Twenty years from now, how will messages reach you?  




Space Shanties

Today’s post comes from Captain Billy, skipper of the pirate ship Muskellunge.


Me an’ me boys is crazy-excited t’ hear that NASA has discovered a underground ocean on th’ largest moon of Jupiter!

Not that we’s lookin’ fer other seas t’ sail, on account of this one here is fine, an’ plenty large enough. Plus, a Jovian Lunar ocean with a roof over it made of 95 miles of ice raises serious questions about navigation an’ winds an’ how tall can yer mast be t’ keep from scrapin’ th’ underside.

There’s no disagreement among me boys on this point – a ocean up in the stars don’t have th’ same allure as th’ one under the stars that we all enjoys so much.

But th’ possibilities is what has us thrilled.

If there’s oceans out there orbitin’ that vast gas giant, then what’s there t’ prevent there from bein’ Jupiter pirates? An’ if there’s Jupiter pirates, don’t it follow that there’d be Jupiter grog an’ Jupiter booty?

All of it incredibly massive, of course!

So naturally our imaginations ran away wit’ us, an we began t’ wonder what sort of sea shanty we might sing up there if we went, even though there’s no way we’d go (so don’t ask)!

Th’ song we made up is t’ th’ tune of one of our home world favorites – Stormalong.

O we’re sailin’ under an icy dome.
Way,hay, Ganymede.
We’re a long long way from our Earthly home.
Aye aye we’re on Ganymede.

An’ there ain’t no wind for to fill our sails
Way, hay, Ganymede.
It ain’t clear what sailin’ here entails.
Aye aye we’re on Ganymede.

But the ocean’s salty an’ dark and deep.
Way, hay, Ganymede.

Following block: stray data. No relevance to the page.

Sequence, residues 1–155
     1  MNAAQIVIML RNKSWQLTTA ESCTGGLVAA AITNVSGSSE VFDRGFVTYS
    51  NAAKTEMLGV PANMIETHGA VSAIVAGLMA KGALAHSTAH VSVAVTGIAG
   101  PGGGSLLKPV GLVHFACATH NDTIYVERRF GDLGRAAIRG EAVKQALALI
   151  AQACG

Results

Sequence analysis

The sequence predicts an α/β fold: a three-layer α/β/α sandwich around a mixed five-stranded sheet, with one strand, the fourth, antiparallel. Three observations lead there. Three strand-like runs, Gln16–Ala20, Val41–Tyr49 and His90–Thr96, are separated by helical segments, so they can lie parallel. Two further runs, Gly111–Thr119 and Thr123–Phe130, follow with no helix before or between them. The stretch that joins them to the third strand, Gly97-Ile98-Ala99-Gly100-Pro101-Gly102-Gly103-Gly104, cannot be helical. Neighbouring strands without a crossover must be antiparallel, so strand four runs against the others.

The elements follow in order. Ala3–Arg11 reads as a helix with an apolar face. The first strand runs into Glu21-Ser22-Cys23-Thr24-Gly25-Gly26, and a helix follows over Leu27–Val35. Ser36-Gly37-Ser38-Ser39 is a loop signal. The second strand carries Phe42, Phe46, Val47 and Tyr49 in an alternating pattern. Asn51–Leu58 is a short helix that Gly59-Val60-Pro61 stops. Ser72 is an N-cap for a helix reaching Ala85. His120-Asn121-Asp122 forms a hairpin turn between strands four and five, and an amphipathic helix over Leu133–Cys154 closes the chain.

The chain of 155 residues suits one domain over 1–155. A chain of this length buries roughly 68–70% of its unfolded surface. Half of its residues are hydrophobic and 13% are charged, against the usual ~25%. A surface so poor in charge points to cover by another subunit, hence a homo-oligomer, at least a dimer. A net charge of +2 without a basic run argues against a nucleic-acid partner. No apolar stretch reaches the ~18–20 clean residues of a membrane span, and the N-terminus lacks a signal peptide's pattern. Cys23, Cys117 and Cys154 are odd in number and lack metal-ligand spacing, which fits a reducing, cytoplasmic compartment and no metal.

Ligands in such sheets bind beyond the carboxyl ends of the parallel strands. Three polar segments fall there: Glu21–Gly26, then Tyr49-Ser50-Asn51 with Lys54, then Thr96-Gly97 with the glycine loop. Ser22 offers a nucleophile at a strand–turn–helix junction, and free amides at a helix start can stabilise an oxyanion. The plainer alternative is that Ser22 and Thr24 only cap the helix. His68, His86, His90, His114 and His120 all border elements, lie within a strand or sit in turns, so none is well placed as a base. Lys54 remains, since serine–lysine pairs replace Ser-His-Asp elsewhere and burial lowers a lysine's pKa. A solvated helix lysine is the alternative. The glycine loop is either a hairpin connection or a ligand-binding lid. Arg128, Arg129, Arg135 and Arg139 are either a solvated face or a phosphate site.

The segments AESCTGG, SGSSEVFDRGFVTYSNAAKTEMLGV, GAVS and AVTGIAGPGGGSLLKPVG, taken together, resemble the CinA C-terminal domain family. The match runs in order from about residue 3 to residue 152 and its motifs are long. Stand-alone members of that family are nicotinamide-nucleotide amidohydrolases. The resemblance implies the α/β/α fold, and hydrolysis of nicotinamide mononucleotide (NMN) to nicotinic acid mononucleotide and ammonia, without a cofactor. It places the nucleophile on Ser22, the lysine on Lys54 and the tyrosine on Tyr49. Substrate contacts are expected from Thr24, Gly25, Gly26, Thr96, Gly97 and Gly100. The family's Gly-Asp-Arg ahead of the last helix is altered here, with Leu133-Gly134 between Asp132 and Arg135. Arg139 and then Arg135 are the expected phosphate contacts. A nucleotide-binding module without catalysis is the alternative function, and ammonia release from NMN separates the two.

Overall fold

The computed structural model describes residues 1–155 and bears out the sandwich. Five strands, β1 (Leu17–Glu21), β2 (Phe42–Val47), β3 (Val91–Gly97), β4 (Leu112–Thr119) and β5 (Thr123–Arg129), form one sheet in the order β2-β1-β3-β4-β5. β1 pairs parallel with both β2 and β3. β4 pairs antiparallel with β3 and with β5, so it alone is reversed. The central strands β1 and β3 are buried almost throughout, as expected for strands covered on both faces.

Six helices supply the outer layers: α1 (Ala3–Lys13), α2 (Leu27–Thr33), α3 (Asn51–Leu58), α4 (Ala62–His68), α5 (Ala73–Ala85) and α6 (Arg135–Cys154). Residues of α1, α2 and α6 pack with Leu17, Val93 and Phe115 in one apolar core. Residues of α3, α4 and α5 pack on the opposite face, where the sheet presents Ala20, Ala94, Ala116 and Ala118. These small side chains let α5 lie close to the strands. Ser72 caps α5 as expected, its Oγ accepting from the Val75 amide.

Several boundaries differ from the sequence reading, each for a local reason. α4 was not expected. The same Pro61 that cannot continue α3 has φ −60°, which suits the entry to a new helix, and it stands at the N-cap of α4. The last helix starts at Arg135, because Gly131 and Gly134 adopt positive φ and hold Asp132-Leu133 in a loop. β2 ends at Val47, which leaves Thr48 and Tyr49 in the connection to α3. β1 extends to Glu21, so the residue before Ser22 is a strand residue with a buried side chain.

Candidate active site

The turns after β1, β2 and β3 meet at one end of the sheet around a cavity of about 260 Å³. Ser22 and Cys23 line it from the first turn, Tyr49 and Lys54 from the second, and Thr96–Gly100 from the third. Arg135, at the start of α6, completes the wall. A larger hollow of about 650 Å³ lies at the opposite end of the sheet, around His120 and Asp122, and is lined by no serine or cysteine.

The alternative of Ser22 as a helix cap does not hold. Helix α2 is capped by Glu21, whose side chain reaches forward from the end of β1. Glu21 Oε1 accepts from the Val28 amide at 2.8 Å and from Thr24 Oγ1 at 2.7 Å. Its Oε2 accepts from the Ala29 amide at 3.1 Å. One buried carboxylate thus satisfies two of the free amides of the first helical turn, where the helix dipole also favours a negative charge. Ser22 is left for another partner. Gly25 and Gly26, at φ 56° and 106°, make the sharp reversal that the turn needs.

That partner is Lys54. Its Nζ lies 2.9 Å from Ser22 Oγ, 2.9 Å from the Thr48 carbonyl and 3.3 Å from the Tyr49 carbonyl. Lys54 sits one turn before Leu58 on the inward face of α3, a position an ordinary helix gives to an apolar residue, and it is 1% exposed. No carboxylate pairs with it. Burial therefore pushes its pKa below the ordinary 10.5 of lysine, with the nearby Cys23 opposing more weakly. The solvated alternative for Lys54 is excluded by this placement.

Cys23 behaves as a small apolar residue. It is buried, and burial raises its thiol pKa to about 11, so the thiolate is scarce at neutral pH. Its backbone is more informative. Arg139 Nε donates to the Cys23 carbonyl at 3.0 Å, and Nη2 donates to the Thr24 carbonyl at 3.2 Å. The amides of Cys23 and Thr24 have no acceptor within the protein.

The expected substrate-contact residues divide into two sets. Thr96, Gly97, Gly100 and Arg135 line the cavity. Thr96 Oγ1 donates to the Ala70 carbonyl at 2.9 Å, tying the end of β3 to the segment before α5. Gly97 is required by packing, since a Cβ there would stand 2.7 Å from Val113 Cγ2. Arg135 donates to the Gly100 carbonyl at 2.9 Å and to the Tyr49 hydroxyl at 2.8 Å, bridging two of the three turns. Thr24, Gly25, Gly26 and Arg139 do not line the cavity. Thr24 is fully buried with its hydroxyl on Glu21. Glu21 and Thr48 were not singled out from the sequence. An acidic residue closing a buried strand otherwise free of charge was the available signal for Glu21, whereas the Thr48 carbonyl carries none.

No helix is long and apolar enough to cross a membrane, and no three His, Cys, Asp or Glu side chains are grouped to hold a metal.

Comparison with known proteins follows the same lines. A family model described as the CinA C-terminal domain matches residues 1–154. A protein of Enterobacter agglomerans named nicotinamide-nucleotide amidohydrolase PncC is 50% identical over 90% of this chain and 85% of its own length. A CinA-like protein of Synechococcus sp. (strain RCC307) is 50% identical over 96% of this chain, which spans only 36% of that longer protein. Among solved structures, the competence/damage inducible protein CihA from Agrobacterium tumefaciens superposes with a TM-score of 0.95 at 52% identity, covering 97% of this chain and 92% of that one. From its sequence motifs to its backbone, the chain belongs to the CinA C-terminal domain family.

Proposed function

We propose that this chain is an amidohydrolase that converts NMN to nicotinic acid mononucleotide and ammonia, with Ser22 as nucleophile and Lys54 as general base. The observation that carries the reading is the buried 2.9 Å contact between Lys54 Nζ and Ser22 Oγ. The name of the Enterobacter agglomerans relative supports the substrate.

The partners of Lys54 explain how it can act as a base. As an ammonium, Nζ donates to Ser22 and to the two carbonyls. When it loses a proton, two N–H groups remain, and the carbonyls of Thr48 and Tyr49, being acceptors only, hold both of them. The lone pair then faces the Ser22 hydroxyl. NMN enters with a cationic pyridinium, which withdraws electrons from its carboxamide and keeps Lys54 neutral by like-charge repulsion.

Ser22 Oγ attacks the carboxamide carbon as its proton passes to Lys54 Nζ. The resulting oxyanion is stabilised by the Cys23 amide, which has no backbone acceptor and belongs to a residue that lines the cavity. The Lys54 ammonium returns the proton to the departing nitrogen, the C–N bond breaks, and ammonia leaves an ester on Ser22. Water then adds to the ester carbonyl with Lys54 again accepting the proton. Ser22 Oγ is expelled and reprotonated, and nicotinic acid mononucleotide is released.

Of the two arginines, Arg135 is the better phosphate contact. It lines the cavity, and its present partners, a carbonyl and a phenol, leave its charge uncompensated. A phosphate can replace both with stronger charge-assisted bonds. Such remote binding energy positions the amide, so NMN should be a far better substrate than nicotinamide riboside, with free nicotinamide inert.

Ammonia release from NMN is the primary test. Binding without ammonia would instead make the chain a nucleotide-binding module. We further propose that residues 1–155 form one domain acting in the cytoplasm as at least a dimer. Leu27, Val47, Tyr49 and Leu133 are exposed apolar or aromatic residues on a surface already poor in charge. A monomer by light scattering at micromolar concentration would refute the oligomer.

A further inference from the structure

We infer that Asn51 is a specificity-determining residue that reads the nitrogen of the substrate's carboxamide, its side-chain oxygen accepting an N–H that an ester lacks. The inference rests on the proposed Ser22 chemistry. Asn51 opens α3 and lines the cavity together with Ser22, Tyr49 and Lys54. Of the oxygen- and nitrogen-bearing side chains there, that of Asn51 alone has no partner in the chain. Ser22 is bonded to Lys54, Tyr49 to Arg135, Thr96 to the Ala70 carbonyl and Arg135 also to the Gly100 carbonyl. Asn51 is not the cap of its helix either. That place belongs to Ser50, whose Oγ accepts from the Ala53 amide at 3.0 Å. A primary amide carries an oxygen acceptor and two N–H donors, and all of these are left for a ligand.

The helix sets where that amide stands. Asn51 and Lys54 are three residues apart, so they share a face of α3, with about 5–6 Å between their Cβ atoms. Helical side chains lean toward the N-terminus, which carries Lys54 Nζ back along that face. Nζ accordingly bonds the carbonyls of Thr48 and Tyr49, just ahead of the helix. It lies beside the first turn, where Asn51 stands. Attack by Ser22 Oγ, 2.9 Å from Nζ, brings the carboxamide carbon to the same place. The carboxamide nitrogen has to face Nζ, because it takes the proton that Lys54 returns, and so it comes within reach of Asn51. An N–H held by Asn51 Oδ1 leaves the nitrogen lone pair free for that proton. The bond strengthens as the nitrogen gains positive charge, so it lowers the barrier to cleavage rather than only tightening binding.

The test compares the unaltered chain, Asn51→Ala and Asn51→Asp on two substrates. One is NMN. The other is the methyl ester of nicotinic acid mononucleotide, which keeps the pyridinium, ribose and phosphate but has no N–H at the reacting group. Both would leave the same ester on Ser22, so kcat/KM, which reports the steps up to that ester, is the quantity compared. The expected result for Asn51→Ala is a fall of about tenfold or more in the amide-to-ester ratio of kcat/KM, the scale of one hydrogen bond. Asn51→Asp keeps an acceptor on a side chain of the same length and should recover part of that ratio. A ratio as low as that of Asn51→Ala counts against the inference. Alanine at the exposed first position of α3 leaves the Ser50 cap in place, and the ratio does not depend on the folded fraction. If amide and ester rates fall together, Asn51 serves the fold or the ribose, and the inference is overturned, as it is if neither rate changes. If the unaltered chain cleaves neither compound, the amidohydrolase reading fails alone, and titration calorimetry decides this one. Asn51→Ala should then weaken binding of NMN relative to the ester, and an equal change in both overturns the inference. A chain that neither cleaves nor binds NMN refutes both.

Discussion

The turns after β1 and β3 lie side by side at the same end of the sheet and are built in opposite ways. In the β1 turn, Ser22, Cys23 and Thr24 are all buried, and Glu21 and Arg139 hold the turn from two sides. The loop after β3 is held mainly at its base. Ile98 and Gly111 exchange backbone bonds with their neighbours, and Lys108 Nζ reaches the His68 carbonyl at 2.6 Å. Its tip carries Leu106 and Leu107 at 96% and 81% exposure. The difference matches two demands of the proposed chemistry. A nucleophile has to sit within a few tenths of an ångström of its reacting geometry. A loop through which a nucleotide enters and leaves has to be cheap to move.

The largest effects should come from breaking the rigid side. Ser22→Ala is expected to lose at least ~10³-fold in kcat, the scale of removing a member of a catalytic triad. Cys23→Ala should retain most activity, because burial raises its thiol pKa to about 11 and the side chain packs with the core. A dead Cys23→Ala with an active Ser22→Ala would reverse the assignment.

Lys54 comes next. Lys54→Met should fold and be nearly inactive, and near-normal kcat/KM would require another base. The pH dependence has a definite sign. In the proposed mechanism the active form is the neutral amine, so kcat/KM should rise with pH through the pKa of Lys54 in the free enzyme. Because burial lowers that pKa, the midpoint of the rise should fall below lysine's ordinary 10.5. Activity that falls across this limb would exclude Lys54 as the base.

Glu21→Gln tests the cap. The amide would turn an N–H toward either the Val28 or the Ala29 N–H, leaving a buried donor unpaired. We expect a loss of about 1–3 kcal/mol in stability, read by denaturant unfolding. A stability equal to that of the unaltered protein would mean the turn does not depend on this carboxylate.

If there’s monsters in it, let them sleep!
Aye aye we’re on Ganymede.

If there’s fishes swimmin’ beneath our feet
Way, hay, Ganymede
Please be slow an’ fat an’ O.K. to eat.
Aye Aye we’re on Ganymede.

Though it’s scary here an’ th’ water’s cold,
Way, hay, Ganymede
May the seas be calm an’ the booty gold!
Aye Aye we’re on Ganymede.

When you’re far away, what song reminds you of home?

Pi Day Squared

Today’s post is a re-post of a guest post from two years ago, when Sherrilee first discussed Pi Day.

I’m a geek. I admit it. I love trivia; I love learning things. I have three magazine subscriptions: MentalFloss, Scientific American and National Geographic. I love Star Trek and have seen every episode of The Big Bang Theory. So three years ago when I first read that there are people out there who celebrate Pi Day, I was intrigued.

Pi is the ratio of a circle’s circumference to its diameter and is expressed as – 3.1415926…. into infinity. It’s decimal representation goes on forever and never repeats. Since March 14 is 3/14, it has been adopted as the day to celebrate the mathematical constant of pi. There is even a website where you can send Pi Day email cards and see Pi Day videos.

Although I’m not a serious fan of math, Pi Day seemed like a perfect holiday for my inner geek.

Last year I convinced my boss that I should be able to use my floating holiday for Pi Day and then sent out a few invitations to my neighbors. I pulled out all my cookbooks that might possibly have pie recipes in them and poured through them. Over the weekend before Pi Day, I did all the shopping – had to hit three different stores to get everything. I even stopped at the local liquor store and let the sales people recommend three bottles of wine that would “go with pie”.

The weather on Pi Day was wonderful. I was able to open all the windows to get fresh air and the sun streamed into the kitchen while I worked. I made seven kinds of pie: Dutch Apple, Cherry Apricot with Almond Crumbles, Bannoffee (toffee with bananas and whipped cream), Pecan, Peanut Butter with Chocolate Chips on a Pretzel Crust, Blueberry and finally, Crack Pie (gooey butter on an oatmeal cookie crust). The refrigerator had to be completely re-organized and I had to press the fireplace mantel into service to keep the finished pies out of reachof the dogs.

Everything turned out like it should and tasted great. It was relaxing to spend the day in the kitchen and it was fun to have another holiday in March to celebrate.

What is your favorite Pi(e)?